A down-and-out golfer attempts to recover his game and his life with help from a mystical caddy.


Robert Redford


Steven Pressfield (novel), Jeremy Leven (screenplay)
2 wins & 11 nominations. See more awards »





Cast overview, first billed only:
Will Smith ... Bagger Vance
Matt Damon ... Rannulph Junuh
Charlize Theron ... Adele Invergordon
Bruce McGill ... Walter Hagen
Joel Gretsch ... Bobby Jones
J. Michael Moncrief ... Hardy Greaves
Peter Gerety ... Neskaloosa
Lane Smith ... Grantland Rice
Michael O'Neill ... O.B. Keeler
Thomas Jay Ryan ... Spec Hammond
Trip Hamilton Trip Hamilton ... Frank Greaves
Dermot Crowley ... Dougal McDermott
Harve Presnell ... John Invergordon
Danny Nelson Danny Nelson ... McManus
Bob Penny ... Laidlaw


A disillusioned war veteran, Captain Rannulph Junuh, reluctantly agrees to play a game of golf. He finds the game futile until his caddy, Bagger Vance, teaches him the secret of the authentic golf stroke which turns out also to be the secret to mastering any challenge and finding meaning in life. Written by M. Fowler

Plot Summary | Add Synopsis


Some Things Can't Be Learned. They Must Be Remembered. See more »


Drama | Fantasy | Sport

Motion Picture Rating (MPAA)

Rated PG-13 for some sexual content | See all certifications »

Parents Guide:

View content advisory »

Did You Know?


Although the film is based on fiction, both Bobby Jones and Walter Hagen were real golfers. Jones was the more famous because, among other things, he founded the Masters tournament in Augusta, Georgia. See more »


The opening scenes tells Junuh's history in flashbacks by zooming in on photos published in newspapers. Newspapers use black ink, which present a challenge for printing shades of gray. A half-tone process was developed in which photos were printed by using tiny black dots that blend in with the white space around them and appear gray to the eye at a distance. In close-up, the photos should have appeared as a conglomeration of dots. Instead, they appear crisp with smooth gradations, suggesting they zoomed in on actual photos instead of a newspaper. See more »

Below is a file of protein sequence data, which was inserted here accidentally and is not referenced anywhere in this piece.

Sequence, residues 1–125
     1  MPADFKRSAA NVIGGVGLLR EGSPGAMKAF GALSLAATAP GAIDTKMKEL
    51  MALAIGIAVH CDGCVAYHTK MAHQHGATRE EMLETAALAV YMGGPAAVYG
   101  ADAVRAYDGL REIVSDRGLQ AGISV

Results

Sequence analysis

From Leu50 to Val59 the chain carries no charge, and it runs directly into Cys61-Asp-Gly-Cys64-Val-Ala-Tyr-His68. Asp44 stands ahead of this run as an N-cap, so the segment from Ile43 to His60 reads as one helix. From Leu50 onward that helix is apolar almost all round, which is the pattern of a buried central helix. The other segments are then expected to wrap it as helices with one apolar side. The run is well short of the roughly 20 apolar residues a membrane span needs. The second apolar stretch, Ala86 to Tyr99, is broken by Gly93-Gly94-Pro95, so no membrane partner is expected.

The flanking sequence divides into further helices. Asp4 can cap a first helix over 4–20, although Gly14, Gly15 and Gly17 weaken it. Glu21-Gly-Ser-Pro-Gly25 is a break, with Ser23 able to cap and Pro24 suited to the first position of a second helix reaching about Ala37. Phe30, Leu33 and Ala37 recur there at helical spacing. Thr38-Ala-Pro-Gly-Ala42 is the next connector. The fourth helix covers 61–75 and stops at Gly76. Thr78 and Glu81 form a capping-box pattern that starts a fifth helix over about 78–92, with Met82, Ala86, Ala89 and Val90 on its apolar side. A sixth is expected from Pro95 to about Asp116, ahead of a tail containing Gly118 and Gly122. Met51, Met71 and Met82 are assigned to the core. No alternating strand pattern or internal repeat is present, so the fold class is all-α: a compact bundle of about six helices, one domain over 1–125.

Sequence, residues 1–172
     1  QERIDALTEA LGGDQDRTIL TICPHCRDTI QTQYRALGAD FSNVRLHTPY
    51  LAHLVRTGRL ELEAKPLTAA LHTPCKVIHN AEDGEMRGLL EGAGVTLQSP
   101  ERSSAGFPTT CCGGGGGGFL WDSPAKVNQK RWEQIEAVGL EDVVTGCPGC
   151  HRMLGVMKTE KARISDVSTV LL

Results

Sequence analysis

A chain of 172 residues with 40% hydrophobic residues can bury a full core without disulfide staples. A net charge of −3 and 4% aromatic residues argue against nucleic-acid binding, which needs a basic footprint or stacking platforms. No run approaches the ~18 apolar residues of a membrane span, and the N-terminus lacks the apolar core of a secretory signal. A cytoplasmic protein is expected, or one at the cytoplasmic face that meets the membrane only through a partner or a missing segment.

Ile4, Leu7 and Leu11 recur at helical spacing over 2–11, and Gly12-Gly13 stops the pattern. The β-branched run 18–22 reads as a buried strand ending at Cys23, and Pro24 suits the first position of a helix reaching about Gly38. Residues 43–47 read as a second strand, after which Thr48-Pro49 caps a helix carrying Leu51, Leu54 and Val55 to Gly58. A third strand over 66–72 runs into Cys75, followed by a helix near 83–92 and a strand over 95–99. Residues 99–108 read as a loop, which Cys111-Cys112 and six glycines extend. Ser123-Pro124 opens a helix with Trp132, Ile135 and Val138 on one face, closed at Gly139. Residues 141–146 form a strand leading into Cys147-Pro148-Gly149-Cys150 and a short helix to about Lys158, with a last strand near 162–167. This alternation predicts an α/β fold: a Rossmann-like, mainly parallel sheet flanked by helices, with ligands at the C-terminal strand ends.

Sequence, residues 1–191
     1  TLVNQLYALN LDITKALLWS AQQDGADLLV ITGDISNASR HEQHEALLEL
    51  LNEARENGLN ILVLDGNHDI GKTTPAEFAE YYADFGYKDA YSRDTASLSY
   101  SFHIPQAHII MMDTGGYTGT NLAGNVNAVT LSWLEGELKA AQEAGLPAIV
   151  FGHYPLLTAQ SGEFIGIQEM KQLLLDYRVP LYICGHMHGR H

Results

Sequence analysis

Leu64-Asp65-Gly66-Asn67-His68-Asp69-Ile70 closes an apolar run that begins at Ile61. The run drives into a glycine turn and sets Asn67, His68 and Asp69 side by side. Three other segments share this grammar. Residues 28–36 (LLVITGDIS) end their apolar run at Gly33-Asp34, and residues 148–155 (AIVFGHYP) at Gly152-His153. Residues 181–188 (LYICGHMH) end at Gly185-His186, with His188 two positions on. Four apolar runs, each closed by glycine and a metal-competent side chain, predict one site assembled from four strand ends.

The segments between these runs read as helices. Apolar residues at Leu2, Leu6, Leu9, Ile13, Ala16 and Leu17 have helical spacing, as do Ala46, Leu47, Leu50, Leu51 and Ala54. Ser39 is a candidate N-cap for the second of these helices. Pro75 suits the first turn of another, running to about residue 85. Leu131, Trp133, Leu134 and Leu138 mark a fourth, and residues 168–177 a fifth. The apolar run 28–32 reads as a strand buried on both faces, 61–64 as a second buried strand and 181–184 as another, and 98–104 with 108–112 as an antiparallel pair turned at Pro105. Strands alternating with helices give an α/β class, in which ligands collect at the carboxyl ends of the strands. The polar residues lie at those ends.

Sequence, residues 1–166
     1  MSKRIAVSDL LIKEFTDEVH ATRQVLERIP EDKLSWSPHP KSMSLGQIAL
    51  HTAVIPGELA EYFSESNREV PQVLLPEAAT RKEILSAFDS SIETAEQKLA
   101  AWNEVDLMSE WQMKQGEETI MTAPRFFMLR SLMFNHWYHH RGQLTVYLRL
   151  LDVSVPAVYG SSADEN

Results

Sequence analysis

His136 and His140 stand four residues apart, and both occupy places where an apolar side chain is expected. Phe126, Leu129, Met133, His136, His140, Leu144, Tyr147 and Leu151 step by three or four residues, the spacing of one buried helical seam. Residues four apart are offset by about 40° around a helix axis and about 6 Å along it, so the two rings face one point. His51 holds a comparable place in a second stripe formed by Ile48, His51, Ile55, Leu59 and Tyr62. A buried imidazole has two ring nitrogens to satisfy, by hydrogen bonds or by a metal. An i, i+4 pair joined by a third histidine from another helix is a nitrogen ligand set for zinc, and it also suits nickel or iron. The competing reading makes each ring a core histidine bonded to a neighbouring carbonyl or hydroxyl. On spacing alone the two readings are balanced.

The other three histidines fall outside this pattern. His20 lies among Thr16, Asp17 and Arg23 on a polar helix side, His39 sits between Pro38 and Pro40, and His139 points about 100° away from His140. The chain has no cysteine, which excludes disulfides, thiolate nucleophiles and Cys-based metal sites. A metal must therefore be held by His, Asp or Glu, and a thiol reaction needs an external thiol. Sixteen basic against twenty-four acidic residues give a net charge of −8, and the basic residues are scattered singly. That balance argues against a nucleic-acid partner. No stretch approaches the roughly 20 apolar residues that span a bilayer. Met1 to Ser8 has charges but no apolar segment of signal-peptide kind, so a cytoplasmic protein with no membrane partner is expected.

Bagger Vance: See, the trick is... to find your swing...
Rannulph Junuh: What'd you say?...
Bagger Vance: Well you lost your swing... We got to go find it... Now it's somewhere... in the harmony... of all that is... All that was... All that will be...
See more »

Crazy Credits

The DreamWorks logo, the 20th Century Fox logo, and the opening credits are all silent when the film opens, except for the sound of the wind and crickets of the golf course. See more »


Referenced in Bollywood/Hollywood (2002) See more »


King Cotton March
Written by John Philip Sousa
Performed by The Williams Fairey Band
Courtesy of Chandos Records Ltd.
See more »

User Reviews

The great game of golf
24 March 2018 | by bkoganbingSee all my reviews

What I really liked about The Legend Of Bagger Vance is the great care that director Robert Redford did in evoking the feel and ambiance of Savannah, Georgia in the Great Depression. I really did feel like I was back in that time watching this story about a match between the greatest golfers of their era, Bobby Jones and Walter Hagen. A match where a local man, Matt Damon gave the greats a run for their money.